Visiting the physio will cost patients at least $10-20 each time, now that the ACC has decided to cut costs.
From November 16, accident victims will be billed for each visit to a physiotherapist, following ACC's client co-charging scheme announced yesterday. The move comes after ACC Minister Nick Smith announced, in March, that several entitlements would be cut in response to a blow-out in treatment costs.
A statement from the organisation yesterday said it needed to contain the rising costs of delivering clinical services - including physiotherapy.
But Jonathan Warren, president of the New Zealand Society of Physiotherapists, says the move is "short sighted" and will end up costing the Government more money.
"These changes mean that some people who need treatment will not be able to afford it. If a patient doesn't get early treatment for an injury, recovery can take much longer and their health may suffer in the long run," Mr Warren said.
"In some cases a simple problem, untreated, can lead to permanent disability ... Untreated injuries will end up costing the Government much more in health and social dollars."
No set charge has been announced and it will be up to individual physiotherapy clinics to decide how much they will charge patients - although each clinic will have to charge at least enough to make up for the reduced subsidy. The charge is therefore expected to be at least $10 to $20 per treatment. ACC said the new client co-charge initiative was to reduce the growing expenditure on physiotherapy, which over the years had become increasingly large.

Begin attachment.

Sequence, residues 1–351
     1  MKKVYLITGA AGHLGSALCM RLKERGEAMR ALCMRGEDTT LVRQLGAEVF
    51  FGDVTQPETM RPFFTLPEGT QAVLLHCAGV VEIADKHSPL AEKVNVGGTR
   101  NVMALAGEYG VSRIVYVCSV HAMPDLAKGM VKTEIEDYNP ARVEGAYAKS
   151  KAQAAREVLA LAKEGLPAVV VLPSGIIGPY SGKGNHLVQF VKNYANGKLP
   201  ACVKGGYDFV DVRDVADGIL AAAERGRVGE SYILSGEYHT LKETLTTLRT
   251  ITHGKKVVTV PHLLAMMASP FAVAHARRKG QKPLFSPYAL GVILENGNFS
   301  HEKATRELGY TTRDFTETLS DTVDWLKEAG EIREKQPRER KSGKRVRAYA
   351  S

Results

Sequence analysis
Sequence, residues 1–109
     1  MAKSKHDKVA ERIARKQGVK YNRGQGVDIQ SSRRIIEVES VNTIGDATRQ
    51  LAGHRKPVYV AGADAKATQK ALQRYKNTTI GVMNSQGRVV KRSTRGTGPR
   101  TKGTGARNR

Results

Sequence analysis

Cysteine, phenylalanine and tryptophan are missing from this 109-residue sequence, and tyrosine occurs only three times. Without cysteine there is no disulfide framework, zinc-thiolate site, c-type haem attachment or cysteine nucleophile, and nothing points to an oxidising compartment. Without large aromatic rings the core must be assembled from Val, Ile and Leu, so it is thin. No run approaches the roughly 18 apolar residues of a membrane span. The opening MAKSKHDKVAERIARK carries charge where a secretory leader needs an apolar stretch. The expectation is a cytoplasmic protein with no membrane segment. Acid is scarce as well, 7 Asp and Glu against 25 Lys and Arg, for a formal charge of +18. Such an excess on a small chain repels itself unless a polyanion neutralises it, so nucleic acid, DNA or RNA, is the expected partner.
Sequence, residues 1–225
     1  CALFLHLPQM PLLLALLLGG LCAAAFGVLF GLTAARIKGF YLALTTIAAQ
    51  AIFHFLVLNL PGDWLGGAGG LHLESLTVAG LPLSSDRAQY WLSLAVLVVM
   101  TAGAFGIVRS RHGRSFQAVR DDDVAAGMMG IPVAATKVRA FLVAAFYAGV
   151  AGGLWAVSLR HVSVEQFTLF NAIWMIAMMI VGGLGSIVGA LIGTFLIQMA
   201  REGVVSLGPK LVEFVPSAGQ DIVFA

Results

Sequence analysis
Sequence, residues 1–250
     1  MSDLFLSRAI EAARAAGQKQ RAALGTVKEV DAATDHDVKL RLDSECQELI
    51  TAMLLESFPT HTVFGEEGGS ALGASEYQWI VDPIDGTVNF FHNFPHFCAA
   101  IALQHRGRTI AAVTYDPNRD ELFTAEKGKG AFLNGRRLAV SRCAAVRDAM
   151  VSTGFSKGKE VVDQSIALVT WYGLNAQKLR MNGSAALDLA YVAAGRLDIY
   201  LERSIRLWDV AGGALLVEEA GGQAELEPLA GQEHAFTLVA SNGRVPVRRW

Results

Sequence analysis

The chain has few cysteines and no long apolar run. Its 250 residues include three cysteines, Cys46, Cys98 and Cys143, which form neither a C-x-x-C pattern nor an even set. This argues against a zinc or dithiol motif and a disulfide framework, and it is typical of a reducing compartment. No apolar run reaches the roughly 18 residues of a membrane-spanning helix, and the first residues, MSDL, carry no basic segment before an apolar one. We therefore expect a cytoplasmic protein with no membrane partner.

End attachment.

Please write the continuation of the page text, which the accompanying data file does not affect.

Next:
In March, Dr Smith said that the free physiotherapy service - which was introduced in 2004 - had got out of control.
Up to $8.9 million extra had been budgeted for free physiotherapy visits in 2004, but costs had gone from $58 million per year to $139 million this financial year.
Dr Smith said since the service became free, the number of clients in higher socio-economic areas using the service had "occurred disproportionately".
In 2008-09, physiotherapy cost levy payers $144 million. If this were to continue, that cost would reach up to $232 million by 2013 - a figure that is unaffordable for levy payers, the ACC says.
A provision for those with lower incomes was argued by the society, Mr Warren said, but was unsuccessful.
He said consequences of the lower subsidy provided by ACC would most likely hurt not only patients, but the physiotherapy clinics themselves.
"I expect that as fewer people seek treatment, some clinics will have to cut staff and others may even be forced to close," he said. "Reducing the physiotherapy workforce will reduce the country's ability to meet health targets."